Weight-loss surgery - before - what to ask your doctor
Weight-loss surgery is done to help you lose weight. After the surgery, you will not be able to eat as much as before. Depending on the type of surgery you have, your body may not absorb all the calories from the food you eat.
Below are some questions you may want to ask your doctor or nurse before you have weight-loss surgery.
Gastric bypass - before - what to ask your doctor; Roux-en-Y gastric bypass - before - what to ask your doctor; Gastric banding - before - what to ask your doctor; What to ask your doctor before weight-loss surgery
What are the reasons someone should have weight-loss surgery?
Why isn't weight-loss surgery a good choice for everyone who is overweight or obese?
Are there are other ways of losing weight that I should try besides surgery?
What is a nutritionist or a dietitian?
What is a weight-loss program? Why should I make an appointment to see one?
What are the different types of weight-loss surgery?
What is the scar like for each type of surgery?
Is there a difference in how much pain I will have afterward?
Is there a difference in how long it will take to get better?
What is the best surgery to help me lose weight and keep it off?
How much weight will I lose? How fast will I lose it? Will I continue to lose weight?
What will eating be like after weight-loss surgery?
What can I do before surgery to lower my risk of complications? For which of my medical problems (such as diabetes, heart disease, or high blood pressure) do I need to see my doctor before the surgery?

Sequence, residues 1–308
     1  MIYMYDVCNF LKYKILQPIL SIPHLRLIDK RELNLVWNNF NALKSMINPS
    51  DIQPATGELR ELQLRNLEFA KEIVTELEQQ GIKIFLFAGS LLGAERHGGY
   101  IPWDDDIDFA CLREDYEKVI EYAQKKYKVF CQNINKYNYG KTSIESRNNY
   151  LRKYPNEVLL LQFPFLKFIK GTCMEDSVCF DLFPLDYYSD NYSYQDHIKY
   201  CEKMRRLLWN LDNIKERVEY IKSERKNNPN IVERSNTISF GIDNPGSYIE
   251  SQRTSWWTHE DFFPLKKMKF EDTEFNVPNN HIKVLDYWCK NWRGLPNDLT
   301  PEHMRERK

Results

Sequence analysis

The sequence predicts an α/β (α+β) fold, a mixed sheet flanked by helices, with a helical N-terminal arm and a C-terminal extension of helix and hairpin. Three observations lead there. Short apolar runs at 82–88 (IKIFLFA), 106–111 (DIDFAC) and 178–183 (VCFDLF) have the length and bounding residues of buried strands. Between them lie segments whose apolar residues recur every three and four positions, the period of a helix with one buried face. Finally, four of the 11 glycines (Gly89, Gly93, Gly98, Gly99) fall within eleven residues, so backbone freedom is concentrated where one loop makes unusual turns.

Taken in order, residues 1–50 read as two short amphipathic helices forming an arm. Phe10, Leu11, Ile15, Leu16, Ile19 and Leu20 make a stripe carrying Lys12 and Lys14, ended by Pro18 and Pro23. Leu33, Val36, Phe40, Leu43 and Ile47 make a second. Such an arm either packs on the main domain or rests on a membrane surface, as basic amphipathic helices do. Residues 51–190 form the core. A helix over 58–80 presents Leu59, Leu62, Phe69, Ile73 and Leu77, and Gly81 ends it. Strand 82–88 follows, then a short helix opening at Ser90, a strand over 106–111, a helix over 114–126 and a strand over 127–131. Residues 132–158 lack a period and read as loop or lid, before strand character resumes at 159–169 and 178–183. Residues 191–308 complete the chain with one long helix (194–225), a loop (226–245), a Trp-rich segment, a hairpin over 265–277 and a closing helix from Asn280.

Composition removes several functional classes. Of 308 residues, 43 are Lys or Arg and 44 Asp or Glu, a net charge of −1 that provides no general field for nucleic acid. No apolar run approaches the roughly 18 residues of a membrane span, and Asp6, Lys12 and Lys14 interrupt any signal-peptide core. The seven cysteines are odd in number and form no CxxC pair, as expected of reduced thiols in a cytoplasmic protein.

How can I get my home ready before I go to the hospital?
How much help will I need when I come home?
Will I be able to get out of bed by myself?
How do I make sure my home will be safe for me?
What type of supplies will I need when I get home?
Do I need to rearrange my home?
How can I prepare myself emotionally for the surgery? What types of feelings can I expect to have? Can I talk to people who have had weight-loss surgery?
What medicines should I take the day of the surgery? Are there any medicines that I should not take the day of the surgery?
What will the surgery, and my stay in the hospital, be like?
How long will the surgery last?
What type of anesthesia will be used? Are there choices to consider?
Will I be in a lot of pain after surgery? What will be done to relieve the pain?
How soon will I be able to get up and move around?
What will my wound be like? How do I take care of it?
How active can I be when I get home? How much can I lift? When will I be able to drive? When will I be able to return to work?
When will my first follow-up appointment be after surgery? How often will I need to see the doctor during the first year after my surgery? Will I need to see doctors other than my surgeon?
Alex Nagle, MD, Director of Bariatric Surgery, Northwestern Memorial Hospital, Assistant Professor of Surgery, Division of Gastrointestinal & Oncologic Surgery, Northwestern University Feinberg School of Medicine. Also reviewed by David Zieve, MD, MHA, Medical Director, A.D.A.M. Health Solutions, Ebix, Inc.